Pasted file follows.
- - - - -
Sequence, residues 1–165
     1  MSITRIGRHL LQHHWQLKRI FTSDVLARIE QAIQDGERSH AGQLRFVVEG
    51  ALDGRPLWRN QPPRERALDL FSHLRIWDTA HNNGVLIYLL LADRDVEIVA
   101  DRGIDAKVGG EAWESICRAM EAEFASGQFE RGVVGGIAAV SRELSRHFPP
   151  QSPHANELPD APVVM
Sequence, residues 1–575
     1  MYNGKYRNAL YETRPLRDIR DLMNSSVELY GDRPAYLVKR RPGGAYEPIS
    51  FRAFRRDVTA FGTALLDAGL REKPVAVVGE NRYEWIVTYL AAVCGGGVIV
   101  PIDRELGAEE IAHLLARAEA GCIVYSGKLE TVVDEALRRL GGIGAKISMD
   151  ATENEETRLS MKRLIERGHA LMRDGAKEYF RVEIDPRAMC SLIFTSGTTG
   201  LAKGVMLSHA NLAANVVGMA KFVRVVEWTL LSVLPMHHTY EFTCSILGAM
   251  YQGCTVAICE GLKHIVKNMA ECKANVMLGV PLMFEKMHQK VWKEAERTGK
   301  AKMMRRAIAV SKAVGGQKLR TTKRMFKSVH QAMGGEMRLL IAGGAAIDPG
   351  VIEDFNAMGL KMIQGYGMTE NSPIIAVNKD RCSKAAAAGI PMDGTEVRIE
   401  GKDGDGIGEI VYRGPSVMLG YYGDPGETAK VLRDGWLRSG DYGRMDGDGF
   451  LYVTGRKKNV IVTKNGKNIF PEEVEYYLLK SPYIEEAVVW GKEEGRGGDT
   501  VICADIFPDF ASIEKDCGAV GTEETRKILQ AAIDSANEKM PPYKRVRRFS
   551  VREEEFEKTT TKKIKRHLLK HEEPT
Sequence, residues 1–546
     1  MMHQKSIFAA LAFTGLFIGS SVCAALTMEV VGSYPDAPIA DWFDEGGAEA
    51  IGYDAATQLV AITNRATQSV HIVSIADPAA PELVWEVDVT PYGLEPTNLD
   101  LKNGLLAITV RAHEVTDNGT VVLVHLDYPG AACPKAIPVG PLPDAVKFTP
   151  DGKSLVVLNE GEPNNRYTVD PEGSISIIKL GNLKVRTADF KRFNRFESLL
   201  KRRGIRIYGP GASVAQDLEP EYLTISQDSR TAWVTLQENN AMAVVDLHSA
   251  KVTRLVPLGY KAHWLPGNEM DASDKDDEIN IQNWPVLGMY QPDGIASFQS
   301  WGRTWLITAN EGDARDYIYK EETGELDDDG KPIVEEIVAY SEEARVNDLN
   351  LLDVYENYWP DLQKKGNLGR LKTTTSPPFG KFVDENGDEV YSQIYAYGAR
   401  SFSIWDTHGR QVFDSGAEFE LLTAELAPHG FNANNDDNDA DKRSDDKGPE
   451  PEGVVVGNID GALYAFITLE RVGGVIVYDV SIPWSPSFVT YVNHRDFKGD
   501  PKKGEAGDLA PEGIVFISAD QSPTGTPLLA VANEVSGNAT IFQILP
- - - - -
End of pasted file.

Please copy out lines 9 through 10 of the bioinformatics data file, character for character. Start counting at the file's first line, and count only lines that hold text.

   101  PIDRELGAEE IAHLLARAEA GCIVYSGKLE TVVDEALRRL GGIGAKISMD
   151  ATENEETRLS MKRLIERGHA LMRDGAKEYF RVEIDPRAMC SLIFTSGTTG